Just a few more steps. A few. Puff. More.
My legs were red with cold, my face was red with exhaustion, as I continued dragging my aching limbs up the track to the top.
I’ll stop at the top. Just briefly. I’ll stop and take a breath. It will be nice to breathe again.
A little bit more. A little bit more. I think I can, I think I can, I think I can…
I reached down deep and pulled out some guts to keep going, glancing at my cardiotrainer record to boost my resolve. I’d almost completed 4km! Not a bad effort for the first run in ages. But I mustn’t stop now.
Must. NOT. Stop.
I pull my wretched body up through the mud and stumble over the tree roots at the top of the path where it opens into a residential car park. As I run out of the woods and into the car park a round old man steps out from his house and lights up a cigarette.
I can see, even from this distance, that he enjoys a good whiskey or twenty. His cheeks are stained with the red of a thousand broken blood vessels. He is almost completely bald and hasn’t shaved for a week or so but even his bristles are too lazy to plump into a beard. He looks about eight and a half months pregnant. I suspect this is his exercise for the day. His healthy break from watching the football eating cold sausage rolls and working his way through a bottle of Jack.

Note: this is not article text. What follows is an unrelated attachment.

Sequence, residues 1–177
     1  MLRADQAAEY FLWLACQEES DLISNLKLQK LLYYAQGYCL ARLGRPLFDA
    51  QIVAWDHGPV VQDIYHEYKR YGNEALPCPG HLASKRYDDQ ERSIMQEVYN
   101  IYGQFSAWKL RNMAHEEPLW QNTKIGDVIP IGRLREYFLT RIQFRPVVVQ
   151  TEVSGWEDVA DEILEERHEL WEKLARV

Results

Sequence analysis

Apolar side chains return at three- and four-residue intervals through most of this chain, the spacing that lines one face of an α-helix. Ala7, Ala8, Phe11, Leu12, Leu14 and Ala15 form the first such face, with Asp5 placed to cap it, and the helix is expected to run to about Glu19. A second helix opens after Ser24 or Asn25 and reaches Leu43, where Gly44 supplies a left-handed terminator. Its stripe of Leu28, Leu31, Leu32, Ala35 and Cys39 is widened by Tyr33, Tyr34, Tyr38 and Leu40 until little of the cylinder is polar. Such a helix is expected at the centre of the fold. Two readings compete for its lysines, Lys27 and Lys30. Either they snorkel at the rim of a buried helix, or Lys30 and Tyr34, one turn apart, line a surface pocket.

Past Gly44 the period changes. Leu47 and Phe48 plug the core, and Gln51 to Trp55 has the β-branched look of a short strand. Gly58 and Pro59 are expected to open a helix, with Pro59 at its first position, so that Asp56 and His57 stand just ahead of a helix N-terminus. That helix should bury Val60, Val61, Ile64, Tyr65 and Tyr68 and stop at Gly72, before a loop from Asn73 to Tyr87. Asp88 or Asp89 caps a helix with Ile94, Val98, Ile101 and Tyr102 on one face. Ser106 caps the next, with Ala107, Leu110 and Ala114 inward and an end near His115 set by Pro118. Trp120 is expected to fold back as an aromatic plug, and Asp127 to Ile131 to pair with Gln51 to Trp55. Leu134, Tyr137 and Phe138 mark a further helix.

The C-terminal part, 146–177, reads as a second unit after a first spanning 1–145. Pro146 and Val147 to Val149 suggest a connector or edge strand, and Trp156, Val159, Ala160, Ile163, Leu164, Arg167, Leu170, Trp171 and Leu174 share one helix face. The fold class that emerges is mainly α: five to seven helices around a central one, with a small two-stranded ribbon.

I stop and draw in the long deep breath I’d promised myself as I ran up that steep path. It felt good. Breathing in the fresh air, feeling healthy and fit. My mind skipped over the less than exemplorary diet of the past week. It leapfrogged over the wine consumed, the chocolate inhaled..Instead it focused on how fit I still was, how self-disciplined I was. How good it feels to have some release from the grinding stress.
And then a gravelly voice interrupted my self-admiration.
“That’s it. Good girl! Keep going and you’ll have all that weight off in no time.”
Said he. The fat man; rolling the cigarette and watching me through beady eyes.
“Oh yes little by little”.
I laughingly threw it back at him and started off down the road as fast as my exhausted legs could carry me. But inside I was livid. How very dare he comment! And ‘why am I a good girl’ for going for a run? Am I a ‘good gir’l too when I count my calories? Or if I refrain from eating dessert with the rest of the family? Or if I stick my fingers down my throat?
Why does my weight and diet infer my morality and spiritual purity?
And why only for women?
I ground my teeth all the way home.